General Topics: This is your company overview section that describes who you are and what you plan to do. Present you mission statement followed by company goals and objectives and business philosophy. Describe your industry, your target market and where you plan to fit in. Describe the legal form of ownership you will choose. If your company has any history, mention it here.

Common Mistakes

  1. Goals and objectives are too detailed and not readily measurable. Keep them simple and achievable. You will want to create metrics to be able to track your performance.
  2. Lack of a clear business idea or a poorly defined business concept.
  3. Not providing a clear and convincing argument that your selected market area has the potential for growth so as to ensure, in the long run, that you can be successful. You need the “why you” story relative to other business entities already in the same marketplace.

Market/Industry Analysis

General Topics: Analysis of the target market (total size, current demand, growth history and potential, any barriers to entry, sales trends, statistics, etc.) and a profile of your target customers (demographics, etc.). Describe the industry structure and how you would fit in. Do you have a niche? If so, describe it. Describe the potential competition. (Note: Never assume there isn’t any!)

Common Mistakes

  1. Don’t just list similar businesses in your target market area and leave it at that. If these are potential competitors, then describe what’s “competitive” about them. Point out what is “different” about you, that is, what is your competitive advantage, if any, and potential discriminators.
  2. Target market is poorly defined. Be very specific in your definition of your customer(s). Is the consumer need really there? Don’t use the “field of dreams” approach, that is, “If I build it, they will come.”
  3. It’s not enough to say “there is a big market” without backing it up with facts.
  4. Not providing a clear understanding of the industry that you are in and how it functions.

Company Organization and Management

General Topics: Describe how you are organized and how you plan to manage the organization. Identify key personnel, what roles they will play in the management of the organization and what are their relevant credentials/background.

Common Mistakes

  1. Selecting for key personnel friends or relatives with no business experience relative to the roles they will play and/or responsibilities they will have. Investors will generally not invest in companies that don’t have the “management credentials” to ensure that the company can be properly managed and that the investors can be assured that they will get their money back with a reasonable rate of return in a relatively short period of time.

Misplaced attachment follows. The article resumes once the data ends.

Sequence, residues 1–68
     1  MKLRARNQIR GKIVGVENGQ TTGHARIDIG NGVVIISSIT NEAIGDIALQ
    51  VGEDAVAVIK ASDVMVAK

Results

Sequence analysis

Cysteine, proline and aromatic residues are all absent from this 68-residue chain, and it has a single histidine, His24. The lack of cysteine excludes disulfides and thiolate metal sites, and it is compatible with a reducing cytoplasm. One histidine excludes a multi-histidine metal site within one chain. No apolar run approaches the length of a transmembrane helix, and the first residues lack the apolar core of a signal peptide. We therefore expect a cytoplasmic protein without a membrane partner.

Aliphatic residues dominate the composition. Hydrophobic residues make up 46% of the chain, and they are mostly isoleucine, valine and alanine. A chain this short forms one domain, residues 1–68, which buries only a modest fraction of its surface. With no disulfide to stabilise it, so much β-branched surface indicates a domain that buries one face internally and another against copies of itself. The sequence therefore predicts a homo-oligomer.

2. If you plan to “grow” your organization in the sense of starting small with a few key management positions filled initially, then you need to present a time-phased plan showing how you will subsequently fill the remaining positions.

Service or Product Line

General Topics: Describe what product(s) or service(s) your company will provide. What are the most important features, advantages and benefits to the consumers? Are they brand new or never been seen before, if so, then describe why this might be a “discriminator” in the marketplace. Describe any intellectual property considerations such as use of patents and copyrights. If there are any competitive advantages or “elements of uniqueness”, then identify them. Relative to products, if there are any development efforts required, then you need to describe where you are in the development process and what is needed (resources and time) to get your products “consumer ready”. If there are any applicable regulatory issues relative to your products (such as government approval), describe them here.

Common Mistakes

  1. Describing the product(s) and/ or services with too much technical information and using too many industry specific words or phrases and special acronyms. Put spec sheets, laboratory test results, etc. in the appendices.
  2. If new development and/or technology advancements are required, failure to adequately address risks involved that could affect overall quality and performance.
  3. If regulatory approval is required, such as with medical products, failure to address the impacts of regulatory delays on product development timelines and introduction into the marketplace. Remember these types of delays could also impact your cash flow.

Operational Plan